The Fountainhead (1943) introduced the world to architect Howard Roark, an intransigent individualist. A man whose arrogant pride in his work is fully earned, Roark is an innovator who battles against a tradition-worshipping society—refusing to compromise his standards in work and life. Expelled from a prestigious architectural school, refused work, reduced to laboring in a granite quarry, Roark is never stopped. He has to withstand not merely professional rejection, but also the enmity of Ellsworth Toohey, beloved humanitarian and leading architectural critic; of Gail Wynand, powerful publisher; and of Dominique Francon, the beautiful columnist who loves him fervently yet is bent on destroying his career.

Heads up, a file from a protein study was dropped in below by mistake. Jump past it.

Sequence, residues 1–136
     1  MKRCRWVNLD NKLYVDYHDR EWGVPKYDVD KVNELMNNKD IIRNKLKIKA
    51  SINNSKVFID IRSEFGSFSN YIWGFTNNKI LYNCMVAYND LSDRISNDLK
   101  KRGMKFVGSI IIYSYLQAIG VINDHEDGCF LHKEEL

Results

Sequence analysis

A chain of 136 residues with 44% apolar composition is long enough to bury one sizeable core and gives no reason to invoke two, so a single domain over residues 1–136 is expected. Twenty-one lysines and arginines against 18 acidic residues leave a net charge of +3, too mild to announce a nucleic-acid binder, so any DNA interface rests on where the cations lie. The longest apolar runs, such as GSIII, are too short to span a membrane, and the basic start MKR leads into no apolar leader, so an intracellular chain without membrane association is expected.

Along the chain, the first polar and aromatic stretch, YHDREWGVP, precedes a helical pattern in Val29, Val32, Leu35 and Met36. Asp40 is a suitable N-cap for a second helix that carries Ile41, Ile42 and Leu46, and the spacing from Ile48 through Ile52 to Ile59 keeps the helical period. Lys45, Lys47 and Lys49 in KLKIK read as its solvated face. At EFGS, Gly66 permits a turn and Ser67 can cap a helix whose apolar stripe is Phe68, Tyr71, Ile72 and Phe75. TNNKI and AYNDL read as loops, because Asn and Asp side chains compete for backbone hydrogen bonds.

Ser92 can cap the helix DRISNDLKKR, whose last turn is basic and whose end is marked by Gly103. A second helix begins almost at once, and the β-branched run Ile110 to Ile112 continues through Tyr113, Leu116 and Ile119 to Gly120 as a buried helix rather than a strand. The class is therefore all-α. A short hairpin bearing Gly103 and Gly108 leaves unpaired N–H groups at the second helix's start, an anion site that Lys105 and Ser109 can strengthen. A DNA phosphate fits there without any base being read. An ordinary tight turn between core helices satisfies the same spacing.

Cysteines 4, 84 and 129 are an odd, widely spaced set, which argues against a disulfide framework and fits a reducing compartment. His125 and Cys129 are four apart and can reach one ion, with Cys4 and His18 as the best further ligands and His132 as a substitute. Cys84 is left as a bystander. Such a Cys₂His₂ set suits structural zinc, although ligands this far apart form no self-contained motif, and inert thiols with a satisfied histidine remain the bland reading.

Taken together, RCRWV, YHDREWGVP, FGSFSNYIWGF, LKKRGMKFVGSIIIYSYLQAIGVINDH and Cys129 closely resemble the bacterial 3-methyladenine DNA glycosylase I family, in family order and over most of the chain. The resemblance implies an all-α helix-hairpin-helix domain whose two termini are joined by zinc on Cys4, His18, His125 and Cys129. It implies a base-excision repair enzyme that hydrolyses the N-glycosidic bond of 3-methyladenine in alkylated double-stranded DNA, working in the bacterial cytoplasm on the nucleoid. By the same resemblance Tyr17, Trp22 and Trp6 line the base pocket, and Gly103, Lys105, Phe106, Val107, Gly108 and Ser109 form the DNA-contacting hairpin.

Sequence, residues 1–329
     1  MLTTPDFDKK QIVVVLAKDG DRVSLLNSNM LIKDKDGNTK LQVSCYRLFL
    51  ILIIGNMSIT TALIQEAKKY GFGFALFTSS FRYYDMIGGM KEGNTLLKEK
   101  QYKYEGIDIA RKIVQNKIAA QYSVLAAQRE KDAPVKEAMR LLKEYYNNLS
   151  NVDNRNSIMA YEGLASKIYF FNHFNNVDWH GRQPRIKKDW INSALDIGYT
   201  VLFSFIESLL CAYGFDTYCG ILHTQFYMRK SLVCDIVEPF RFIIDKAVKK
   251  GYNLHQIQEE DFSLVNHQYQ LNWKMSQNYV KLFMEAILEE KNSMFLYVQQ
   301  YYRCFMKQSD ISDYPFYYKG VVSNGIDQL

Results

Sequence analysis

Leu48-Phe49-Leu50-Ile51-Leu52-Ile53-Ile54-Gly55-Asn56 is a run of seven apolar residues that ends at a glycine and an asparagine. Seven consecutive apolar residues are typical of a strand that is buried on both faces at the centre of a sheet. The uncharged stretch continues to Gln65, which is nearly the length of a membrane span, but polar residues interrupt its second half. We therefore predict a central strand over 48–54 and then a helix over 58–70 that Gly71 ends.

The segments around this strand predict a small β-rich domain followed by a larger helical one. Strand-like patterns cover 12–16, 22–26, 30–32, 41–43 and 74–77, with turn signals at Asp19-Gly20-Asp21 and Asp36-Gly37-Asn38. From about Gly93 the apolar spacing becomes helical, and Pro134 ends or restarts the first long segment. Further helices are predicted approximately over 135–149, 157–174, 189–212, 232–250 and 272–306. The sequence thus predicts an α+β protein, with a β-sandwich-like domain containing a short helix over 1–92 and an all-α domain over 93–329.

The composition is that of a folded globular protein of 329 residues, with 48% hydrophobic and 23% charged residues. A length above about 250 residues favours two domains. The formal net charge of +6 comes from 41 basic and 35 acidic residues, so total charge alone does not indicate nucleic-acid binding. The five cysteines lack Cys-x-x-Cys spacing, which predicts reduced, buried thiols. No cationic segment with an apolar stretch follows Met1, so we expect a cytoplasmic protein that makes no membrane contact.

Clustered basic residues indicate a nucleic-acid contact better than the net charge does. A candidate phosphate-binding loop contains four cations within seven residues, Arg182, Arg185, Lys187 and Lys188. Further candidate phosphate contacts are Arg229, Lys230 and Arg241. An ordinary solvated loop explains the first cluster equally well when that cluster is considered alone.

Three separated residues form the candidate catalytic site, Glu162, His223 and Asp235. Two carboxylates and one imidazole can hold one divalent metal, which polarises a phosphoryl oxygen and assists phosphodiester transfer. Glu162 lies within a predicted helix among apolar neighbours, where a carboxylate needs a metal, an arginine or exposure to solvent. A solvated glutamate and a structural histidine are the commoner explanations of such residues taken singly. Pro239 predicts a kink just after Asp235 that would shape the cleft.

With The Fountainhead, Ayn Rand achieved enduring commercial, artistic, and intellectual success. Initially rejected by a dozen publishers, The Fountainhead became a bestseller within two years purely through word of mouth; today, there are over six million copies in print. The novel was also an artistic landmark for Rand; in the character of Howard Roark, she presented for the first time the uniquely Ayn Rand hero, whose depiction was the chief goal of her writing: the ideal man, man as “he could be and ought to be.” The novel’s dramatization of its original theme—in Rand’s words “individualism versus collectivism, not in politics, but in man’s soul”—earned Rand a lasting reputation as one of history’s greatest champions of individualism.
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- Essays on Ayn Rand’s “The Fountainhead”
- The Fountainhead CliffsNotes
- Teacher’s Guide to The Fountainhead
- The Early Ayn Rand
- Course on The Fountainhead (video lecture by Dr. Andrew Bernstein)
- Ayn Rand’s The Fountainhead: Understanding and Teaching a Modern Classic (video lecture by Dr. Shoshana Milgram)